U.S. Risk Insurance Group, a Dallas-based managing general agency (MGA) that distributes excess and surplus lines, also is investing in analytical technology to understand and run its business better. "There's an increasing need to articulate our business plans and to understand our book of business better," says Monte Stringer, executive vice president and CIO of U.S. Risk Insurance Group.
"For an MGA to be successful in this current hard market, that MGA has to have an almost fanatical focus on underwriting," he says.
To that end, U.S. Risk is implementing business intelligence technology from Thazar Inc., a Skywire Software company located in Frisco, Texas. Thazar's software will enable U.S. Risk to determine what business they're producing, where the business is coming from geographically, and from what producers. "The more we know about our business, the better we can perform in the marketplace," Stringer says.
The insurance industry currently is focusing on underwriting results more than in the recent soft market cycle, but the infrastructure in most companies does not support the granularity and level of analysis companies need to truly understand the relationship between risk and costs, according to Tom Chesbrough, executive vice president and founder of Thazar.
Insurers need detailed data about demographics, driving records, vehicles, geography and premium and loss characteristics, he says.
They also need clean data. Data mapping and cleansing is by far the most challenging part of any data mastery project, according to Matthew Josefowicz, senior analyst, at Celent Communications Inc., a Boston-based research and advisory firm. This process typically consumes 80% of the implementation time and resources, and 40% of the overall project from planning to training and maintenance, he notes in a recent Celent report titled, "Insurance Data Mastery Strategies."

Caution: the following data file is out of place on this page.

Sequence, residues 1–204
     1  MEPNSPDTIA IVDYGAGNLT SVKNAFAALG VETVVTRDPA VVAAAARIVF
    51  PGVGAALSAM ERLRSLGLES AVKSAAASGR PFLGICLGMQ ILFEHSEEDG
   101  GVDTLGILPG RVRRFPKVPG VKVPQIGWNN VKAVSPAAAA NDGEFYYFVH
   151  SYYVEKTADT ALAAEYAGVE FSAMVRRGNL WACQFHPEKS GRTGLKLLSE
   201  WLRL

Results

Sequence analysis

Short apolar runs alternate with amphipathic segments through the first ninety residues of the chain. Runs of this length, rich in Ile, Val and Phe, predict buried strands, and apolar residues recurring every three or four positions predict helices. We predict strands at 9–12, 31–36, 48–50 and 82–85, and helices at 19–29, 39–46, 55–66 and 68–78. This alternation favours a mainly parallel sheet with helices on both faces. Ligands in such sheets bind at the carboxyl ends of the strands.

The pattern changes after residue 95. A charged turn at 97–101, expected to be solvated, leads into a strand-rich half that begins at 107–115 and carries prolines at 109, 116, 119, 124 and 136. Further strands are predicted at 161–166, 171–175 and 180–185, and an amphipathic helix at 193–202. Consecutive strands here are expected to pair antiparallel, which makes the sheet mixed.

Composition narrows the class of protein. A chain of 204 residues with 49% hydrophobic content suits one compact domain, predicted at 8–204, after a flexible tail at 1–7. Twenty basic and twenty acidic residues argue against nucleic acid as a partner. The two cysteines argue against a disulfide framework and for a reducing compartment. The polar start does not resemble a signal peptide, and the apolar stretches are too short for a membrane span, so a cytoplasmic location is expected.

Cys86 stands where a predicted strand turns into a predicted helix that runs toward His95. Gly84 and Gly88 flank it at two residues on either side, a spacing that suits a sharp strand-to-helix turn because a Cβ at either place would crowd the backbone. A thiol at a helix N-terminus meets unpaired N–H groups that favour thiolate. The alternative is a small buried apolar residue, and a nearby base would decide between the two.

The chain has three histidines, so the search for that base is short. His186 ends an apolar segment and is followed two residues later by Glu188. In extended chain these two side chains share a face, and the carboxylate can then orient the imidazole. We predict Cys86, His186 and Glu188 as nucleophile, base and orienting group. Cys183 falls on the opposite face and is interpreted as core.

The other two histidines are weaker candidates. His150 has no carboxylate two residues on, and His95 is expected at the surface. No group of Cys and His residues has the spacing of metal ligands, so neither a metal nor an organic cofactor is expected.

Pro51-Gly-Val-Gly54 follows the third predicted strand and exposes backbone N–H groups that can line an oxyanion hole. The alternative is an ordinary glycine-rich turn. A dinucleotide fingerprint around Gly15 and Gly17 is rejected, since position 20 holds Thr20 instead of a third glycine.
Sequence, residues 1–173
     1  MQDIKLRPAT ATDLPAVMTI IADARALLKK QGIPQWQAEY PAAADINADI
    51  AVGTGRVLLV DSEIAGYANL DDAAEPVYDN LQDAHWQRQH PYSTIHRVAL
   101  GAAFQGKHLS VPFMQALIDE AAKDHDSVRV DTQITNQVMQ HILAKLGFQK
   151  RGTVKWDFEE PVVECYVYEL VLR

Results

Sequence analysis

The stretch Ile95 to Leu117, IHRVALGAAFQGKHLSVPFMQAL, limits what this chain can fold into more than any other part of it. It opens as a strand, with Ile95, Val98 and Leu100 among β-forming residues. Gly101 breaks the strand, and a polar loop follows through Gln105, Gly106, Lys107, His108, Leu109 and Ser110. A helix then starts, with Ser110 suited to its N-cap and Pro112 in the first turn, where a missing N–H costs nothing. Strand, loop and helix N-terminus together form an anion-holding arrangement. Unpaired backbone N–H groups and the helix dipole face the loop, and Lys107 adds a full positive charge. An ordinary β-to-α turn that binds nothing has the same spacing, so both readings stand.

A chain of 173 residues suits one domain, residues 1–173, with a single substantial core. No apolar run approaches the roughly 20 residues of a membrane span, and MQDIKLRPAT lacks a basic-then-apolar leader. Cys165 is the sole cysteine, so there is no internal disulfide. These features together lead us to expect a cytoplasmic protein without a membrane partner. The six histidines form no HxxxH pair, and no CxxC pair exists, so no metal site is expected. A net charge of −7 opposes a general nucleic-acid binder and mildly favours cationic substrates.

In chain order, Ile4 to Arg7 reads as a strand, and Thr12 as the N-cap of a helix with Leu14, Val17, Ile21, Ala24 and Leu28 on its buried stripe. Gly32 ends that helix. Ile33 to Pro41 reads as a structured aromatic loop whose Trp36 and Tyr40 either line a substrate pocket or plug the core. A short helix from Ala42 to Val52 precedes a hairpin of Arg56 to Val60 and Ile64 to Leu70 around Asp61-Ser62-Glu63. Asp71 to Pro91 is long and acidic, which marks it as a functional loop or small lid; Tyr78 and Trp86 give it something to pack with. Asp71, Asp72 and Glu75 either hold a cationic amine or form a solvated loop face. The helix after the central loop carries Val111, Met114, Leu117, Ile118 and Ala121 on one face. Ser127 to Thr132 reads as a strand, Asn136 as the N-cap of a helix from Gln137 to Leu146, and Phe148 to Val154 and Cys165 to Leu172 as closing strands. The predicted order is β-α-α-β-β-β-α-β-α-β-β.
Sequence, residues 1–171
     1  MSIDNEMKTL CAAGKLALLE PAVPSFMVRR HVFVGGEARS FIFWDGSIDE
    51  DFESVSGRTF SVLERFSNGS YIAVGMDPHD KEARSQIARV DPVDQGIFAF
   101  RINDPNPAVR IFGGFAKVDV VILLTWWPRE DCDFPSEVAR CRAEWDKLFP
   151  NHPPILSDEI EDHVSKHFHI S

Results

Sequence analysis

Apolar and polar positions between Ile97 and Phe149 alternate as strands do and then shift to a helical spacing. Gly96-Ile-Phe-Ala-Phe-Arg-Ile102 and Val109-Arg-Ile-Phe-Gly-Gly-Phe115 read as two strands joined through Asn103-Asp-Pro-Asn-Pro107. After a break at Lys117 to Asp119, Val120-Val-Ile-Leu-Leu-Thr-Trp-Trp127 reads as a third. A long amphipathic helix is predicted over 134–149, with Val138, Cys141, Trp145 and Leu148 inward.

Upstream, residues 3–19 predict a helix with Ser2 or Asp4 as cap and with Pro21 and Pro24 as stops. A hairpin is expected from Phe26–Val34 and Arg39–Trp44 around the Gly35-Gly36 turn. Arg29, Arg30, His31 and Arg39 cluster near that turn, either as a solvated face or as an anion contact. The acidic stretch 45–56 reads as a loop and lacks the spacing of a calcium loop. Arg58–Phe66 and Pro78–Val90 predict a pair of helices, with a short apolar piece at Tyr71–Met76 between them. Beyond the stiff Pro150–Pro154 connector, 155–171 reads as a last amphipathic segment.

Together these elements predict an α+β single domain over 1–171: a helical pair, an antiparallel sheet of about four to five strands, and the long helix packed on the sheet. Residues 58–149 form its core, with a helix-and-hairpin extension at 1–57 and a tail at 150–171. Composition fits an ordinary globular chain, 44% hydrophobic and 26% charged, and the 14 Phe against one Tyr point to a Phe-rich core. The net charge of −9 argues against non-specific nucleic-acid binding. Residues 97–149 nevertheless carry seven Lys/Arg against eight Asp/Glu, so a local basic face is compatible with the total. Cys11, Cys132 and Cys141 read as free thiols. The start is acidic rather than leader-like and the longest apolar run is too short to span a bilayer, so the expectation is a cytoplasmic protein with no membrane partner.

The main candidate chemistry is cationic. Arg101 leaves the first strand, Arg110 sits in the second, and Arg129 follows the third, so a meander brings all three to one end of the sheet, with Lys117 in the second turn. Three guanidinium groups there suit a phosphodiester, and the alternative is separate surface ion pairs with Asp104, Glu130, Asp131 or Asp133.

A significant portion of U.S. Risk's business intelligence implementation involves testing data quality, Stringer explains. Initially, U.S. Risk Group is creating manual reports, and calculating certain known variables. Then, the team is plugging the same data into the business intelligence system to ensure the data is clean and the results are accurate. "Bad data is worse than no data," he says.
In fact, many insurers became aware of just how dirty their data is when they implemented CRM systems and data warehouses back in the 1990s, says Teradata's Spadola.
"Once insurers began pulling all their data together, chances are, it was the first time they were seeing it all linked," she says. "Instead of their marketing data here and their underwriting data there, it was all pulled together-and that's when many companies realized they had some quality issues."
It's also why many executives are now reluctant to invest in data management solutions, according Knightsbridge's Barker. "A data warehouse alone can cost millions of dollars," he says. "And there are enough data warehouse train wrecks and CRM train wrecks out there that CIOs are reluctant to pony up the money to support these efforts now."